For people with small cell lung cancer (SCLC), family members and other caregivers play an essential role in their support system. And as a caregiver, you and your health are important too.
Fulfilling the role of a caregiver can take a lot of your time and energy. “You’ve got to be 100% positive, caring, loving, understanding, available to be there when they just want to talk and when they need help,” said Jody, who cared for her sister Kim throughout her five-year battle with cancer. Jody admits there were hard days, and the experience overall can be emotional.
Caregivers often juggle their responsibilities alongside managing home and family life, jobs, education or other activities, making it difficult to find balance in their own lives. It is not always possible to feel positive – in fact, it’s okay not to be positive all the time. It’s normal to feel up and down in your emotions. Fortunately, there are resources that provide information, support and comfort to help you care for a loved one through the challenges of SCLC.
Palliative care, also sometimes referred to as comfort care, supportive care and symptom management, is used to prevent or treat certain symptoms of any type of disease, including SCLC. Palliative care can help ease physical symptoms as well as emotional problems related to disease or its treatment.1
It’s important to remember hospice and palliative care are not the same thing. Although palliative care may be used in hospice, this type of assistance differs from end-of-life care because it can be provided at any stage of a patient’s experience, including right after a diagnosis, during treatment or after treatment ends and a patient is looking to continue day-to-day activities.
For more information about how to receive supportive care, visit LUNGevity’s Palliative Care site.2
While caregiving demands a lot of sacrifices, it’s important not to neglect your own emotional and physical health needs. The more you take care of yourself, the better positioned you will be to care for your loved one. This can include finding your own support system of people who understand the challenges you’re facing. This may also include keeping your doctor appointments or time with family and friends. Your health and well-being are just as important during these difficult times.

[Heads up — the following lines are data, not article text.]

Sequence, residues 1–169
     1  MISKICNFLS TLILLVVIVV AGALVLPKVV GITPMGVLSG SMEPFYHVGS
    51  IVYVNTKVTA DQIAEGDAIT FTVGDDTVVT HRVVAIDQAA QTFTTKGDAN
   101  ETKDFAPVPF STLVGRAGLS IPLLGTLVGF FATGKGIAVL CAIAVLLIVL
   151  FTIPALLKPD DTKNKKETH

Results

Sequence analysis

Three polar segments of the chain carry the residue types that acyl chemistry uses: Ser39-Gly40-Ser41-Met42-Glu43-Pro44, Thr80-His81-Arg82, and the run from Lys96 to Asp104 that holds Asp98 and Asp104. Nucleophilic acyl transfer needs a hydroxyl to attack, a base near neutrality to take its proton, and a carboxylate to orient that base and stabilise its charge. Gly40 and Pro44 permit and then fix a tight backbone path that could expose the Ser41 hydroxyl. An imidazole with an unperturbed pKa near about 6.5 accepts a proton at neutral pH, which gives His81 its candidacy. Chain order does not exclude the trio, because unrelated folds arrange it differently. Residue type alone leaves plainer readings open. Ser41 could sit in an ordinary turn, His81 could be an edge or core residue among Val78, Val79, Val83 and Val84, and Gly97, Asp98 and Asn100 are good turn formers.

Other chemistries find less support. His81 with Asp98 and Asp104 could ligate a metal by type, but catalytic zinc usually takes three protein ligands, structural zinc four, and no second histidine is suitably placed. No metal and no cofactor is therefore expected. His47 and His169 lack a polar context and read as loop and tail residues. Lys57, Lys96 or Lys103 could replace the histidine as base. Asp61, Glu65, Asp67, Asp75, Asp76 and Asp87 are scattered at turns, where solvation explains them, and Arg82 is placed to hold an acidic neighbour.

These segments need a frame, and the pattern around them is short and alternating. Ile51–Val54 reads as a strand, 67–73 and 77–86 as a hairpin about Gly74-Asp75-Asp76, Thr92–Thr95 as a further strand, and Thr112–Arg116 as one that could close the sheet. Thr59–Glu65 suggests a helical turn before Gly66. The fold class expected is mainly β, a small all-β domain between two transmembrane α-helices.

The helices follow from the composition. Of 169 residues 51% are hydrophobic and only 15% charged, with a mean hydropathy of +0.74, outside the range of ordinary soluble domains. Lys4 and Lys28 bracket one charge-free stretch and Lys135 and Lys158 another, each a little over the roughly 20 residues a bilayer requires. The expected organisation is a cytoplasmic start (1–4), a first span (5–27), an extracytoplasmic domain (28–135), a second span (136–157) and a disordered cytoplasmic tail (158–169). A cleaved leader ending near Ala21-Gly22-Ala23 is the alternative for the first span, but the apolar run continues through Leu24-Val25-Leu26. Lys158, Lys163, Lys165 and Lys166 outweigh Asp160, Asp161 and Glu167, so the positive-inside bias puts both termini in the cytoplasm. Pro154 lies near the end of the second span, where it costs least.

Caregiver communities and support groups, available in-person and online, can be a great way to connect. Organizations like LUNGevity will even match lung cancer caregivers with LifeLine Support Partners – volunteers who have walked the lung cancer path and are available to mentor others who need emotional support.3
Traveling and coordinating trips for healthcare appointments can be a lot for you to manage. “The hardest part with navigating the rides to treatment probably was during my brain radiation because I had to be there every day for five or six weeks. And I could not drive myself and did not trust myself to drive at that point,” recalled Annette, who has lived with SCLC for close to three years.
If you’re assisting with transportation for someone who lives with SCLC, the need to pack and keep track of medications and other medical devices can add an extra level of pressure. To help, the GO2 Foundation for Lung Cancer recommends bringing copies of the patient’s medical records, a list of doses and frequency, in addition to emergency medical contact information and a list of places you can get care on the road.4
To make preparing for your next trip easier, you can also print out this travel checklist from LUNGevity.
If you or your loved one find cigarette smoking to be a worry or concern, there is help. For more tips to help yourself, a family member or a person you’re caring for with SCLC quit tobacco use, visit the GO2 Foundation’s “Quitting Smoking after Diagnosis” page.5 For some people, smoking can be a difficult topic to talk about with your loved ones. Some people have shared feelings of anger, frustration and sadness when urging a loved one to stop smoking. Feel free to talk with the doctor or nurse about how best to support a loved one or to stop smoking yourself. What is important now is to be focused on your health, in partnership with your healthcare team, friends and family, to do what works best for you and your loved one facing SCLC.
If your loved one has reached a point where they have decided not to pursue further treatment, caregivers can play an important role in helping with end-of-life planning. While no one wants to think about this stage of the journey, taking steps now to address hospice decisions, last wishes and finances can make for a smoother transition during this time. What is important is try and have conversations along the way about how your loved one may be feeling about planning for the future or end-of life. Sometimes, families are not ready to let go but the person living with SCLC may be ready to transition from active cancer treatment to hospice where the focus is on comfort care. It’s important to respect the wishes of a loved one, especially when a healthcare team believes continuing treatment will not help the situation. Remember that in these specific cases, ending treatment for hospice does not necessarily mean that the patient’s time will be cut shorter.
If you’re not sure where to begin, start with LUNGevity’s helpful End-of-Life Planning resources, which also include emotional support for yourself to help cope with grief and loss.6
This information is for educational purposes only and should not take the place of talking to your doctor or a healthcare professional. The content included on this page does not constitute medical advice and should not be used for diagnosing or treating a health problem or disease. Please be sure to always consult with a physician or medical professional for questions about your medical condition.